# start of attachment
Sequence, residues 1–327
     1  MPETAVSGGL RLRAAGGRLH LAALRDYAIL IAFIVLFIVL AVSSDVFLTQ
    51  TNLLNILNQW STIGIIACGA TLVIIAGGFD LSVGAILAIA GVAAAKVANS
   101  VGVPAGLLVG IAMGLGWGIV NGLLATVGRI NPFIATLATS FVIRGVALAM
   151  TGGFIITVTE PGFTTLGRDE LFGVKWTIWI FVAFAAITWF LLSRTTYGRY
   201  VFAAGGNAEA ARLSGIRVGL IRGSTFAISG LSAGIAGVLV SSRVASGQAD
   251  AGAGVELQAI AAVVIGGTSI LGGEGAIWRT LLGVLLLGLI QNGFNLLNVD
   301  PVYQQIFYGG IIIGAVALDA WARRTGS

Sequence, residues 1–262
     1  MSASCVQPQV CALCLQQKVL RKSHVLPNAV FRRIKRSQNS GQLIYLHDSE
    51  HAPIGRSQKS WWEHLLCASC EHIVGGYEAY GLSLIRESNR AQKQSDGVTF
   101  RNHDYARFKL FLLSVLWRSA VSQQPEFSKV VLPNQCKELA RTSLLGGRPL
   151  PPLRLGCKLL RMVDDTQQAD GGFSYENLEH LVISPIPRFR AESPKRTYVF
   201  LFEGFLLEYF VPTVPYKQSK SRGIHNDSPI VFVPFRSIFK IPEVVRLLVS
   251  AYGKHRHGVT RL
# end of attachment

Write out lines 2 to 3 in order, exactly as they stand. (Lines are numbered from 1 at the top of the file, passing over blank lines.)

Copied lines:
     1  MPETAVSGGL RLRAAGGRLH LAALRDYAIL IAFIVLFIVL AVSSDVFLTQ
    51  TNLLNILNQW STIGIIACGA TLVIIAGGFD LSVGAILAIA GVAAAKVANS